Shenandoah National Park, August 9 – 18, 2018 — Ridgerunning on the Appalachian Trail can be demanding, and like athletes, Ridgerunners are sometimes injured. When injury happens who’s in the bullpen?
Like Ghost Busters, who ya gonna call? Guess what? My 2015 ridgerunner colleague in Georgia just happened to be the caretaker of the Potomac Appalachian Trail Club’s Blackburn Trail Center. What? A trained, experienced and ready ridgerunner already on the payroll? No paperwork? Can someone say trading places? Boom! Jobs switched.
As a means of on the job training (OJT) I try to hike with each of our ridgerunners to help them learn the various rules and protocol of their patrol areas.
PATC Ridgerunners patrol five on and two off. Mary started on a short week, so after her park orientation and equipment issue, which includes a radio and bear spray, we headed 45 miles southward from Shenandoah’s north boundary to Rock Spring Hut.
The weather was relatively mild early in the week only to turn ugly at the end of the first week and on into the second.
The first night was at the Indian Run Maintenance Hut, home of the Hoodlums trail crew. There’s plenty of room for tenting.
Indian Run is the one place we build a fire. It’s not open to the public and there’s plenty of precut and spit firewood under lock and key thanks to the overseers and members of the Hoodlums. Note the poker.
The synonym for ridgerunner is janitor. Hikers can be ignorant and thoughtless at times. Other times they are pigs to put it mildly. The look on Mary’s face says it all.
Ridgerunners are paid seasonal trail ambassadors. Their duties include Leave No Trace education, assistance to hikers to include first aid and trail information, minor trail maintenance, removal of litter and abandoned property, privy maintenance and quite frankly burying human waste at times. They are also eyes and ears for land managers, park authorities and for trail maintainers. For most, it’s a dream job most of the time, except when it isn’t.
The most common question asked by a ridgerunner? “What were they thinking? Answer: “They weren’t.”
Painted rocks are a new phenomenon. Leave No Trace outdoor ethics principles are clear. Leave nature as you found it. We remove the rocks.
At the beginning of the second patrol, starting at the southern end of the park working northward, we discovered about two gallons, by volume, of abandoned gear including a large machete. Much of this stuff was marked with international orange tape seen here on the machete handle. In all, it reminded us of the type of trash we found ridgerunning in Georgia where hikers dump their usless junk, such as machetes, with reckless abandon.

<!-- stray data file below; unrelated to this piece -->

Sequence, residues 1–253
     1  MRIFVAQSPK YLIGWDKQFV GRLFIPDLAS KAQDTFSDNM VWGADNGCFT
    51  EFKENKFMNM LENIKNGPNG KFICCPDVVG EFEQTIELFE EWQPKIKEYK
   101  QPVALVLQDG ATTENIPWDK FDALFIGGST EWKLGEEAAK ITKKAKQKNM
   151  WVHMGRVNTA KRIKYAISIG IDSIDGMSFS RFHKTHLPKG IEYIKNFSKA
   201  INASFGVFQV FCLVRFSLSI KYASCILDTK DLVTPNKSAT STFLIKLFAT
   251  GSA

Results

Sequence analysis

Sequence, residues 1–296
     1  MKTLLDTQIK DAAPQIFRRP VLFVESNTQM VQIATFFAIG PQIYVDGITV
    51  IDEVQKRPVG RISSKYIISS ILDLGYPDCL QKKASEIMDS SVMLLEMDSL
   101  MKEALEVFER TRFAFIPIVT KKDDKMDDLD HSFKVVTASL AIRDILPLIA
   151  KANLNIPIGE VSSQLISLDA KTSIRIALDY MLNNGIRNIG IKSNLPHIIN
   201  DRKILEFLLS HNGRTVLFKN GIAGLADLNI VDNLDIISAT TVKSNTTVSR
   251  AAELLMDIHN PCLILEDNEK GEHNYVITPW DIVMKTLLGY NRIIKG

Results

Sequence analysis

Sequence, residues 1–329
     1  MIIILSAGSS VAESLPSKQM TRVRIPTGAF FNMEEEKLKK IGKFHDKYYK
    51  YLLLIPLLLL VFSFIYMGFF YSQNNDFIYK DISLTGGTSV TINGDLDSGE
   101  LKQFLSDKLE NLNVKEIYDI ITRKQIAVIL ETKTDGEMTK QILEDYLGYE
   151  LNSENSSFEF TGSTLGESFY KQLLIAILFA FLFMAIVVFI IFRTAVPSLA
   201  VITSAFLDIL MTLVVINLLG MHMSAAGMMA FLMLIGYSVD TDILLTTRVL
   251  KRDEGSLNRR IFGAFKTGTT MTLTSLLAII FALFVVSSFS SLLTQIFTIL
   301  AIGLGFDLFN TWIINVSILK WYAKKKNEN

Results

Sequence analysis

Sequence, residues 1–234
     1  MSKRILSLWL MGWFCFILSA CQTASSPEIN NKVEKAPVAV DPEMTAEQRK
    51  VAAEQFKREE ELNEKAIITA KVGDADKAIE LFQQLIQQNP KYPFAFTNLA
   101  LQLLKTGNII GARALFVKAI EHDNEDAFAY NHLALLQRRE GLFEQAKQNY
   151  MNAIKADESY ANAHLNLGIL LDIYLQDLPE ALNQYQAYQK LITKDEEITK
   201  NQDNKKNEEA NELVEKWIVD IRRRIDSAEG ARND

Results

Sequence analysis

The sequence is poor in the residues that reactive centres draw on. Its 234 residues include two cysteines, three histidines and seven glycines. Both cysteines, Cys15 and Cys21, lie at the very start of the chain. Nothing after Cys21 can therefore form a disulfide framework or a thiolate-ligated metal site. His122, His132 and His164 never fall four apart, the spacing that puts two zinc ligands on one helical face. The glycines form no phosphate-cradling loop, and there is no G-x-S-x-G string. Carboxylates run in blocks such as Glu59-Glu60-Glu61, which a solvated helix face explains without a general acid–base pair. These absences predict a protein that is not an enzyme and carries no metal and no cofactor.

Continuing the march, we found a similar cache 13 miles northward at the next shelter. Same orange tape. Fifteen pounds, four gallons of trash in total.
Flash forward two days to Saturday when I departed to join the Hoodlums for their normal work weekend. As I pulled out of the Skyland resort after coffee and breakfast, here comes a hiker whose pack is uniquely marked with orange tape. Connect the dots.
Unfortunately I didn’t have enough time to collar the perp. Meanwhile the Hoodlums work trip was cancelled due to weather. Since cell service is so poor in the park, I didn’t get the email until later. When I did, I texted Mary and we headed back to Skyland in hopes we’d rendezvous with our culprit.
Eurika! She whips hard right. I go left to cover the loop. Within five seconds, she spies orange. Busted! As I drive up from the back side, she’s shamed the culprit, aptly trail-named “Walmart,” into a pool of quaking Jello.
I unhorse and approach the quivering perp with the swagger and command presence of a backup cop. Mary intones, “Here’s my boss.”
I open sardonically. “We’ve been finding a lot of orange lately. Can you imagine where that might be coming from?” At that moment this young man realizes that he is seriously outnumbered. He caves and earns a 10 for his groveling. Turns out he’s doing a walking self-pack-shakedown thinking other hikers would want the cheap junk he’s dumped.
After some uplifting Leave No Trace education, Walmart tells us he’s planning to hike 40 more miles that day. We laugh to ourselves and wish him well. We’d embarrassed him enough.
Meanwhile Walmart has been informed that the ridgerunners for the next two hundred miles will be on the lookout to extend him a warm welcome, or not – depending on his behavior; and we planned to check the park shelters in his path in the event of a relapse. (No photos for privacy reasons.)
Just in case you think ridgerunning is all work and no joy, think again. Here we are scouting a “dispersed” campsite for, you guessed it, TP tulips. What deer? I didn’t see any deer…
Meals can be a joy. Mary shared her avocado. Thank you! Glad my meal plan wasn’t spaghetti.
Then there’s the breathtaking view from the eponymous Mary’s Rock. The hike to the top isn’t easy, as you can imagine.
Resting Mary’s tennis shoes atop Mt. Marshall.